Petrochemicals: Benzene rockets to two-year peak

07 February 2011 00:00  [Source: ICB]

Global values repeatedly reach fresh highs after price spikes

No sooner had Asian benzene pricing reached a one-year peak (see ICIS Chemical Business, January 24-February 6, 2011) than values continued their ascent to their highest levels since hitting $1,150/tonne (€838/tonne) on September 1, 2008.

The 28-month high followed upward price movements in the US and Europe, where tight supply and firming crude oil values leant support to the market. Asian spot values were reported at $1,150-1,160/tonne FOB (free on board) Korea on January 27.

GLOBAL GAINS
The market has seen a rapid upsurge in the past few weeks. Numbers reached $1,120-1,130/tonne on January 19, up by $25/tonne from the previous day's close because of overnight gains in other regions. The day before, US and European prices had been reported at $4.19-4.21/gal FOB Barges and $1,230-1,240/tonne CIF (cost, insurance and freight) ARA (Amsterdam, Rotterdam, Antwerp) respectively. Light sweet crude, meanwhile, was pegged at $91/bbl for February delivery on January 19, with Brent at $98/bbl.

By January 20, Asian benzene had once again risen, climbing by another $15-20/tonne to $1,135-1,150/tonne. Sentiment remained firm in the region, supported by firming US values and limited supplies. US benzene was said to be tight for prompt delivery, exerting further pressure on pricing.

Meanwhile, US spot numbers had climbed to a 27-month high of $4.20-4.30/gal FOB - the first time they had breached the $4.00/gal mark since October 2008.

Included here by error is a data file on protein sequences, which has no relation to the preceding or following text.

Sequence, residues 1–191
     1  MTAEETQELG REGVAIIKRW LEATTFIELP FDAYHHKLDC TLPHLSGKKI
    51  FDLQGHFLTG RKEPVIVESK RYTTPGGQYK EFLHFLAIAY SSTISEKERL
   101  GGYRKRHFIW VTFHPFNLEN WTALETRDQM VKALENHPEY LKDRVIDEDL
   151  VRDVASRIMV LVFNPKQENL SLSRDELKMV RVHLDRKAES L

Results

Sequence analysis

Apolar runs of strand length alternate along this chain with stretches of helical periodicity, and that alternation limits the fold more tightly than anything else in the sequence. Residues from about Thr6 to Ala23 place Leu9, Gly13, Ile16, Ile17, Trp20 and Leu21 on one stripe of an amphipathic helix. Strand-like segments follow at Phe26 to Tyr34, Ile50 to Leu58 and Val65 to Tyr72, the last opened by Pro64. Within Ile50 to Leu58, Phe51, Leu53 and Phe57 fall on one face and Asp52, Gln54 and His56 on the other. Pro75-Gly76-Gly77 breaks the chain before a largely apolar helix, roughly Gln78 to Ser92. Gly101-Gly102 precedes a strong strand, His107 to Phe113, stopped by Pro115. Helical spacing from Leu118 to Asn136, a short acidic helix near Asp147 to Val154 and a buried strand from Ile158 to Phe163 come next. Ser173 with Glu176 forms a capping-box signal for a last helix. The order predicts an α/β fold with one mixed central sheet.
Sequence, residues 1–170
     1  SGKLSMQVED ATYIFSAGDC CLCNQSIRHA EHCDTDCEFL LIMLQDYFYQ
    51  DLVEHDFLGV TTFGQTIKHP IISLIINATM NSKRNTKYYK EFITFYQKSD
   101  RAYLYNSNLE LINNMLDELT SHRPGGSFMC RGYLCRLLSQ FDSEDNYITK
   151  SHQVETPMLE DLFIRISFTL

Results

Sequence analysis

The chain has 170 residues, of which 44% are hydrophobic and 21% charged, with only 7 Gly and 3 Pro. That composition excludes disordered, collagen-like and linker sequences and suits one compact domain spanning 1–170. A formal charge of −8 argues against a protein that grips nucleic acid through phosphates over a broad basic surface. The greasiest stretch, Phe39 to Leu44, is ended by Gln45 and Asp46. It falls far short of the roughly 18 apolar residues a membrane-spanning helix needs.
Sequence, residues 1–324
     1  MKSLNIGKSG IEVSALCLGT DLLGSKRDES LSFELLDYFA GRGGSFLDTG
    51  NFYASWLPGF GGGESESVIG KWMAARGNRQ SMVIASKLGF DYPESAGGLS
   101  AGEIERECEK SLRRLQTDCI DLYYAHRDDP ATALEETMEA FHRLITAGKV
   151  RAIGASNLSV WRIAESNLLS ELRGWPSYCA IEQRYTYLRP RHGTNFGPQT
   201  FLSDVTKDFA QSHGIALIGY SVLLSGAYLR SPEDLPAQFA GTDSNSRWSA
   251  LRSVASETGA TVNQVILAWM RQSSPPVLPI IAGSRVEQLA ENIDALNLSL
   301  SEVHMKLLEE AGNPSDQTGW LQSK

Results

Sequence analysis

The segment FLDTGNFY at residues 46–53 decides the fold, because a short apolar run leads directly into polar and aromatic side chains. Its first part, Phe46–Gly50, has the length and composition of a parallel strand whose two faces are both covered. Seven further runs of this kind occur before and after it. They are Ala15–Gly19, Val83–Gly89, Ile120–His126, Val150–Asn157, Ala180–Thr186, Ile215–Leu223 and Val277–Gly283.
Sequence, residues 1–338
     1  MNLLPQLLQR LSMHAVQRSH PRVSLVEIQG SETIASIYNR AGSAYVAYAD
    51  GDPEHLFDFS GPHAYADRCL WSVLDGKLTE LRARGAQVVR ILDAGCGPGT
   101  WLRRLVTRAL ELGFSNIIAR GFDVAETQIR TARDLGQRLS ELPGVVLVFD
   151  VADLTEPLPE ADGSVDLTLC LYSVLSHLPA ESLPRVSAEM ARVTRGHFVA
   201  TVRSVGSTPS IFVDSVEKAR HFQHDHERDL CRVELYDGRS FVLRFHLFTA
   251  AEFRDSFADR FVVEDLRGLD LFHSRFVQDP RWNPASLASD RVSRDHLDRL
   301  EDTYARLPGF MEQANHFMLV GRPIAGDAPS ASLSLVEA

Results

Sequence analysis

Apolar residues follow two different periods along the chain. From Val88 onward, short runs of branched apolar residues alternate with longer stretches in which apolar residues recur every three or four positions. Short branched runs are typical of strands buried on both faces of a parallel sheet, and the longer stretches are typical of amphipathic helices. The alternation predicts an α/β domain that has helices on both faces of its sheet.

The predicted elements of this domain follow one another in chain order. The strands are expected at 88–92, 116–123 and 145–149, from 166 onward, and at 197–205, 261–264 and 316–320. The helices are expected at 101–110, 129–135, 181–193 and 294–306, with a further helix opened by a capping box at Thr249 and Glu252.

On January 26, spot material had edged even higher to $4.30-4.40/gal FOB, up from $3.85-4.00/gal on the first day of the month.

CONTRACT EXPECTATIONS
February benzene contracts in the US were tipped to surpass $4.00/gal because of the upsurge in spot prices during January - and eventually settled at $4.35/gal.

European benzene has also seen gains, partially owing to the capsizing of a vessel carrying 2,400 tonnes of sulfuric acid from BASF's site in Ludwigshafen, Germany, to Antwerp, Belgium, on the river Rhine on January 13. The incident was expected to disrupt shipments for several weeks and saw some benzene players scrambling for material to cover any potential shortness.

In addition, the market was bracing itself for a flurry of maintenance turnarounds toward the end of February and into March.

On February 2, European values were reported in a $1,360-1,375/tonne range.

Additional reporting by Truong Mellor in Europe and Brian Balboa in Houston


Author: Andy Brice and Mahua Chakravarty



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